blarg?

Breakin’ The Law, Breakin’ The Law

I came across this list of 700 things Mr. Welch can no longer do during an RPG this morning, a great derivative of the 213 Things Skippy Is No Longer Allowed To Do In The U.S. Army, and it reminded me of something I’ve been meaning to write up for a while now.

Periodically, in waiting room coffee-table books or forwarded to you by those friends you haven’t correctly conditioned to not send you crap, you see lists of dumb or bizzare laws. You’ve seen them, I’m sure; they make the rounds among internet’s infirm and easily amused periodically, like influenza, and they say things like “In Arkansas, it’s illegal to ride your mule backwards while eating an ice-cream cone.” There’s no way to know if they’re even real, of course – there’s never any case numbers or specific citations on them so where, and really why, would you even bother to look them up?

But even if I’m willing to suspend that particular piece of disbelief, I still find that sort of thing disappointing. Not because it aspires to anything, but because it reads to me like a list of missed opportunities. I mean, I live in a fairly tolerant society, and laws take substantial time and effort to create. But despite that, somebody did something that was so egregious that it required the elected officials in their region to pass a law banning it, or banning some behaviour that led up to it. Something involving a mule, an ice-cream cone, and backing up.

Who is this rogue mule-driving ice-cream eater? What has he done to arouse the irritation of the city council, or the state? That’s a story, there. In the right hands, maybe even a good one. Instead, though, it’s some comic laundry list. One line item, check here if funny, and we’re off to the next topic.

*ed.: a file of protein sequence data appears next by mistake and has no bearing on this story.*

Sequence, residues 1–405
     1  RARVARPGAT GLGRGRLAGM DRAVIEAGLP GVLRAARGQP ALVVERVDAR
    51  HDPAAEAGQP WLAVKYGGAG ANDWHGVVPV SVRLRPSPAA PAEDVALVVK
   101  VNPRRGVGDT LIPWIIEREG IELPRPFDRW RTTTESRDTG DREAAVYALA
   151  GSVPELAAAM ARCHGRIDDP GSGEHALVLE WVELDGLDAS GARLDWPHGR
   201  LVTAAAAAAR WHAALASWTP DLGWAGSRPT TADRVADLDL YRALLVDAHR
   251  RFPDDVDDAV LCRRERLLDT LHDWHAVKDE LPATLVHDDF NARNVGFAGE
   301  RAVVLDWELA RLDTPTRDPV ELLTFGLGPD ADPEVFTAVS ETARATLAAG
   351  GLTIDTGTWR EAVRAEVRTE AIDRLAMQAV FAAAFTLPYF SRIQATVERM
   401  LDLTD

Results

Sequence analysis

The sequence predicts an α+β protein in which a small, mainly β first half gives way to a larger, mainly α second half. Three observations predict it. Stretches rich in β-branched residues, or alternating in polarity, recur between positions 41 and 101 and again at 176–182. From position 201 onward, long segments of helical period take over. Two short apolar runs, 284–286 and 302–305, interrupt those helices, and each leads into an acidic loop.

My bias, of course, is misleading. There’s lots of places in the world where it’s trivially simple to get shortsighted, arbitrary and capricious laws passed, and no shortage of people in power willing to be just that shortsighted, arbitrary and capricious. Even so, assuming there’s any grain of truth to these things at all, there’s got to be some kind of decent anecdote to claims like “In Tulsa, Oklahoma, it is against the law to open a soda bottle without the supervision of a licensed engineer”, or “in Atlanta, it is illegal to tie your giraffe to a telephone pole.”

There’s got to be a few good Darwin Award candidates in there somewhere. And that’s what I think I’m missing; either some bizzare story of a common product misused to horrible consequence or something hilarious and macabre involving an escaped giraffe and a high-tension wire.

Anyway, if you see such a book, please direct me to it. And if you were looking for an idea for a book, there you go!

4 Comments | Skip to comment form

  1. Nikita

    I think a lot of these laws come from overly broad classifications, taken out of context. For example, in Urbana, IL where I am located now, it is purportedly illegal to have unlicensed monsters. In fact, there is a statute that says that carnival displays, including freaks of nature and monsters, are classified as entertainment, and must be licensed if displayed for commercial gain.

    (see http://tafkac.org/legal/urbana_monsters.html)

  2. Mike Hoye

    I know, and it makes me sad that most of them are that sort of fish story. It also makes me kind of sad that there’s not a bunch of serious looking men in a dimly-lit chamber somewhere discussing the ramifications of monster-licensing or infrastructural impacts of giraffe-electrocution-prevention.

    A more entertaining world than this would certainly contain those things.

  3. Mike Richters

    No one may catch fish with his bare hands in Kansas.

    This one is almost certainly a law against noodling, either because the catfish are endangered or because too many people got their finger bitten off.

  4. Mike Hoye

    I had no idea that catfish got that big. Holy crap.